Gabriel Regojo plays a grab bag of white men, but before you ask, each are distinctly their own characters. One is a sexual predator, one expresses a rambling desperation that’s so real it’s incredibly uncomfortable, and one is a master of word salad. (That would be the clueless moderator in “Conference,” who appears to be going out of his way to keep the label of “black playwright” on the assembled artists no matter what.
As terrific as the cast is – and they are – it’s Champion who steals the show, delivering an electrifying monologue as Reverend Benson in the play’s second vignette, “Dreamin’ in Church.” Champion’s rich voice roars from behind the pulpit, the audience in the palm of his hand. In Reverend Benson, Champion brings to life what’s probably O’Hara’s most wish-fulfilling sketch of the night, one which finds not just a tolerance of, but an acceptance and vehement defense of queerness from the black church. Reverend Benson has some things he wants to share with his parishioners, and Champion does it to riotous effect. As show-stopping a character as Reverend Benson is (for reasons you’ll have to see for yourself), Champion also nails the quieter moments in his other roles, such as Larry’s haunted remorse, and the tender moment he – as Granny – shares with Hollins’s Sutter.
Ryan McGettigan’s sets, with props by Lauren Davis, vary between the fully built, fully composed and well-detailed sets indicative of the forays into Sutter’s life and the others that involve maybe a set piece (like a bench or wedding arbor) and a projected backdrop. It’s the little things that go a long way in defining time, like the circa-1970s posters of Donna Summer, the Harlem Globetrotters and Diana Ross that appear on young Sutter’s walls, or the box of Mr. T Cereal right out of the ‘80s you spy in Sutter’s kitchen.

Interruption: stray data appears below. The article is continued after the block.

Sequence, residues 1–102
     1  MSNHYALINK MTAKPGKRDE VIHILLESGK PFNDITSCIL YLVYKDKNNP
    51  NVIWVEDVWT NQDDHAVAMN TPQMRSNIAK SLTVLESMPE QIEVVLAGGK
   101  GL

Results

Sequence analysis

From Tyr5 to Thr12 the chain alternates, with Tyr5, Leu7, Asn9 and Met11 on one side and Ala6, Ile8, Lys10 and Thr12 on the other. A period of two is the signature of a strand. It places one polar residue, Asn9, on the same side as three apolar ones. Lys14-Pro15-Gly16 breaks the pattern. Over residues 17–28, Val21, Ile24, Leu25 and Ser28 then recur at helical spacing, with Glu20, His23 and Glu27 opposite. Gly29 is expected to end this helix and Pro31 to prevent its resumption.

Costumes, by Macy Lyne, are far-ranging and also detailed (yes, I’m looking at you ponytail holders with the balls on the ends). Though pink heels and a matching pink wig may be the most memorable costume elements of the evening, the reverend’s blue robe embellished with gold and a green sequin dress also catch the eye. But the awe-inducing were the half-and-half costumes worn during “Genitalia.”
Shawn St. John’s sound designs were strong, from the organ that emphasizes Reverend Benson’s sermon to the street noise that lends another layer of realism to “Mug.” Additionally, it should be mentioned that the production features some great and spot-on song selections during scene changeovers, such as “State of Shock” by The Jackson 5 and Mick Jagger, “Girls and Boys” by Blur, and “Got to Be There” by Michael Jackson, to name a few. Hudson Davis’s lighting completes the close-to-perfect appearance of the production, but a special mention goes to the moody, shadowy light in “Mug.”
In “Conference,” a playwright tries to explain what it means when they say people should “choke” on their writing. There’s a lot to chew on in Bootycandy, but what I can assure you now is that this is one to choke on. And you will choke so good.
Performances continue at 7:30 p.m. Thursdays, 8 p.m. Fridays and Saturdays, and 2:30 p.m. Sundays at The MATCH, 3400 Main. Through March 10. For more information, call 713- 521-4533 or visit catastrophictheatre.com or matchouston.org. Pay-what-you-can; $40 suggested price.